shown in Table 2 and Figure 2. No significant correlation between MCD and age was observed in patients aged
60 years (r 0.03, p 0.75), as shown in Figure 3.
MCD and MD: no significant correlation (r 0.01, p 0.83) was observed between MCD and MD, (Figure 4) for
the whole sample. Similarly, no significant correlation was found on stratifying patients according to age 60
years (r 0.02, p 0.79) or <60 years (r 0.01, p 0.96).
MCD, MD and disc area: a significant correlation (r 0.29, p 0.00003) was found between MCD and disc area,
and between MD and disc area (r 0.16, p 0.02), suggesting that optical discs with larger area have greater MCD,
(Figure 5) and greater MD.
MCD and CCT: no significant correlation was observed between these two parameters (r 0.05, p 0.41),
(Figure 6).
Finally, a significant negative correlation was found between MD and CCT (r 0.26, p 0.00004).

Table 1. Descriptive statistics.

n Mean SD Minimum Maximum

AGE (years) 234 63.55 10.49 38.00 83.68

MD (dB) 234 2.78 5.02 2.54 25.03

MCD (mm) 234 0.52 0.27 0.02 1.30

IOP (mmHg) 234 16.73 2.93 10.00 21

CCT (m) 234 543.50 36.63 447.00 683.00

SIZE (mm2) 234 2.01 0.39 1.11 3.78

Table 2. Correlations of MCD with other factors, *p < 0.05.

r p value

AGE < 60 (years) 0.25 0.02*

AGE 60 (years) 0.03 0.75

MD < 60 (years) 0.01 0.96

MD 60 (years) 0.02 0.79

SIZE (mm2) 0.29 0.00*

CCT (m) 0.05 0.41

V. T. Diaz-Aleman et al.

Figure 1. Linear regression analysis: MCD and age (r 0.08, p 0.24).

Figure 2. Linear regression analysis: MCD and age < 60 years old, (r 0.25, p 0.02).

Figure 3. Linear regression analysis: MCD and age 60 years old (r 0.03, p 0.75).

V. T. Diaz-Aleman et al.

Figure 4. Linear regression analysis: MCD and MD (r 0.01, p 0.83).

Figure 5. Linear regression analysis: MCD and disc area (r 0.29, p 0.00003).

Figure 6. Linear regression analysis: MCD and CCT (r 0.05, p 0.41).

V. T. Diaz-Aleman et al.

4. Discussion
The pathophysiology of glaucomatous damage is not yet fully understood. It seems clear that glaucoma is mul-
tifactorial and that individual susceptibility plays a role in the development and progression of the disease. Al-
though high IOP is still the only known modifiable risk factor [13], the translaminar pressure gradient, i.e., the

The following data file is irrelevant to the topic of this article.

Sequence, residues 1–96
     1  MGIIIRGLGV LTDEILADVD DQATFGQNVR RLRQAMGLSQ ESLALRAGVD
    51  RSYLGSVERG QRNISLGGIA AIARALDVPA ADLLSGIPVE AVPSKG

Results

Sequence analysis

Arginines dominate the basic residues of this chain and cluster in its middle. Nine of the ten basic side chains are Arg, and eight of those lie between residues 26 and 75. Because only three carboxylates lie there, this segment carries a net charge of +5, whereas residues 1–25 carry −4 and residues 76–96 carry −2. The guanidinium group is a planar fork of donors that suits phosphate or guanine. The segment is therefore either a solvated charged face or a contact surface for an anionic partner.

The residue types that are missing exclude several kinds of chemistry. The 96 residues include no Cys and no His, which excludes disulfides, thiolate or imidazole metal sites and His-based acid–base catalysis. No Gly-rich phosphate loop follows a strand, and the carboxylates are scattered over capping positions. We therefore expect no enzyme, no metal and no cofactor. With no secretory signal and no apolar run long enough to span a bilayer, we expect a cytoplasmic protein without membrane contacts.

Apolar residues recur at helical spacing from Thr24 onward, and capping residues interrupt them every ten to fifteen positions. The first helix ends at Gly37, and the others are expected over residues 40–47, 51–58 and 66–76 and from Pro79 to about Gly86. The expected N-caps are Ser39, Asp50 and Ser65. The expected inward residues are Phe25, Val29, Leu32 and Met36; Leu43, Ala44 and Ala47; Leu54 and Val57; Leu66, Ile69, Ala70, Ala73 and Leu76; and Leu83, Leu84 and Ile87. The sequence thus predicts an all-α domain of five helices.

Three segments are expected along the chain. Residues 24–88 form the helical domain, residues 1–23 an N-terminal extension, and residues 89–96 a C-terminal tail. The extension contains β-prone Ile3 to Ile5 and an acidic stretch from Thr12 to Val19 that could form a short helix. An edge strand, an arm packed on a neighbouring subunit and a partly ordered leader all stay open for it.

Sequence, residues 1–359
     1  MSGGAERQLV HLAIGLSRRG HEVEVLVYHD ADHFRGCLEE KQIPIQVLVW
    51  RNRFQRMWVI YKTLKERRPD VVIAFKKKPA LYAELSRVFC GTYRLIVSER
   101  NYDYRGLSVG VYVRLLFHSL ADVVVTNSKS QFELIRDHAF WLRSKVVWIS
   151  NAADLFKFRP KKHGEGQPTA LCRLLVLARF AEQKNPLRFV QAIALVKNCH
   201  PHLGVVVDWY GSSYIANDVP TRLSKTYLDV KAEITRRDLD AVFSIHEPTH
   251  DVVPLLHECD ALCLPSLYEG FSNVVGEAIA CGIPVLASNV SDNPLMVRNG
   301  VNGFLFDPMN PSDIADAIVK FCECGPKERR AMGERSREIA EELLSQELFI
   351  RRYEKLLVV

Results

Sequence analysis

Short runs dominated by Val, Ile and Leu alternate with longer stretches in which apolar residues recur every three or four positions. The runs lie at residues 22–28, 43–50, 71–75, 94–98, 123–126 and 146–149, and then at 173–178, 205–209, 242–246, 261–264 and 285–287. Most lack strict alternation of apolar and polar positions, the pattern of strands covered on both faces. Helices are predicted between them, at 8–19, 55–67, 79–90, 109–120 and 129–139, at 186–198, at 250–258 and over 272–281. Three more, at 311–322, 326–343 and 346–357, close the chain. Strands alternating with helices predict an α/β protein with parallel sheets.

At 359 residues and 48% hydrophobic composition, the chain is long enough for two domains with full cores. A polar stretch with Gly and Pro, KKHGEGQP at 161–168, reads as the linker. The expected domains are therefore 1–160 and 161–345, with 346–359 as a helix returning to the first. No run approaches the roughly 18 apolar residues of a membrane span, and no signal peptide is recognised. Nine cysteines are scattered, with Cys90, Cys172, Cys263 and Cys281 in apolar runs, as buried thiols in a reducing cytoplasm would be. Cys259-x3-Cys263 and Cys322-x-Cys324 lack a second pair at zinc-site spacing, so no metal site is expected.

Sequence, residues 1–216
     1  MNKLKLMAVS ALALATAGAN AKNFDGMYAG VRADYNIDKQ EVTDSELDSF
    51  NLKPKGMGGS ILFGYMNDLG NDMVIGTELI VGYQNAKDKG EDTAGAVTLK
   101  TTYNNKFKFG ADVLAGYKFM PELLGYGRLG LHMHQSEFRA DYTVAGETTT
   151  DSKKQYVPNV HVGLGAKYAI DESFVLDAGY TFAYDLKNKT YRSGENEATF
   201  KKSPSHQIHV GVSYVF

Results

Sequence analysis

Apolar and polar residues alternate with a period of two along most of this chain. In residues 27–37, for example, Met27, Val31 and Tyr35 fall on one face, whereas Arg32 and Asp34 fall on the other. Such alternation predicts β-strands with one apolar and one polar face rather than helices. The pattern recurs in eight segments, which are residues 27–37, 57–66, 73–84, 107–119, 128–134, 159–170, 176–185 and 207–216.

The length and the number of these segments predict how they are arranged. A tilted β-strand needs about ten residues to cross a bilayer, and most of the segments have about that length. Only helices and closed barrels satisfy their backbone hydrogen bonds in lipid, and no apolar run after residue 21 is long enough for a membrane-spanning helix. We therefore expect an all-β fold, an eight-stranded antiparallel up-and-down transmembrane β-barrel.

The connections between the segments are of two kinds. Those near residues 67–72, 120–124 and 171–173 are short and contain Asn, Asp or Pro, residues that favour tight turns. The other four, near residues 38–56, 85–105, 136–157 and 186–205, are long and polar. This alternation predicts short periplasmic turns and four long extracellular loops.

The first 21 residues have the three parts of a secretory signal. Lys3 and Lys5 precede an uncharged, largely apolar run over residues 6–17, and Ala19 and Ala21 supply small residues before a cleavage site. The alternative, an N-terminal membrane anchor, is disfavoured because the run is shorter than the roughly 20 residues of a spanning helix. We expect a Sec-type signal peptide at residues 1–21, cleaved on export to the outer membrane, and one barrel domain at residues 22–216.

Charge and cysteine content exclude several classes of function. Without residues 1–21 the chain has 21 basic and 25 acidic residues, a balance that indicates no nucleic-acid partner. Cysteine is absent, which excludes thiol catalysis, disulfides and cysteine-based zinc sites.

difference between IOP and cerebrospinal fluid pressure, has been identified as a risk factor for glaucomatous
damage. This gradient is important in ocular diseases where the pressure on one or both sides of the lamina cri-
brosa is abnormally high or abnormally low [14]. Therefore, it is important to understand the effects of IOP on
the optic nerve head, lamina cribrosa and scleral canal, and how these effects vary from one individual to anoth-
er, along with aging. Several authors have studied the relationship between age, lamina cribrosa and MD.
Albon et al. [11], in their study of the eyes of 10 human cadavers aged between 7 and 86 years, showed that
increasing age correlated with increased rigidity of the lamina cribrosa and reduced deformability even at high
pressures. Reduced lamina cribrosa flexibility with age is associated with greater amounts of total collagen and
pentosidine and a lower proportion of type III [15] collagen. These histological changes underlie susceptibility
to ganglion axon cell damage as they pass through the pores of the lamina [11].
Ruojin et al. [10], in a study of 221 subjects with OHT and glaucoma, obtained results suggesting that for a
certain level of visual field loss, younger patients showed greater lamina cribrosa depth than older patients, and
this age-related difference increased with disease severity. Their data reveal the relationship between MD, the la-
mina cribrosa depth and age: the depth tends to be greater with worse MD, but this effect decreases with increasing
age. These authors used spectral-domain optical coherence tomography (SDOCT) to analyze the position of the
lamina cribrosa.
Rho et al. [16], in a study of 26 eyes with POAG and 52 eyes with low tension glaucoma, observed a negative
correlation (r 0.738) between lamina cribrosa depth and age in patients with POAG, as we did, but not in pa-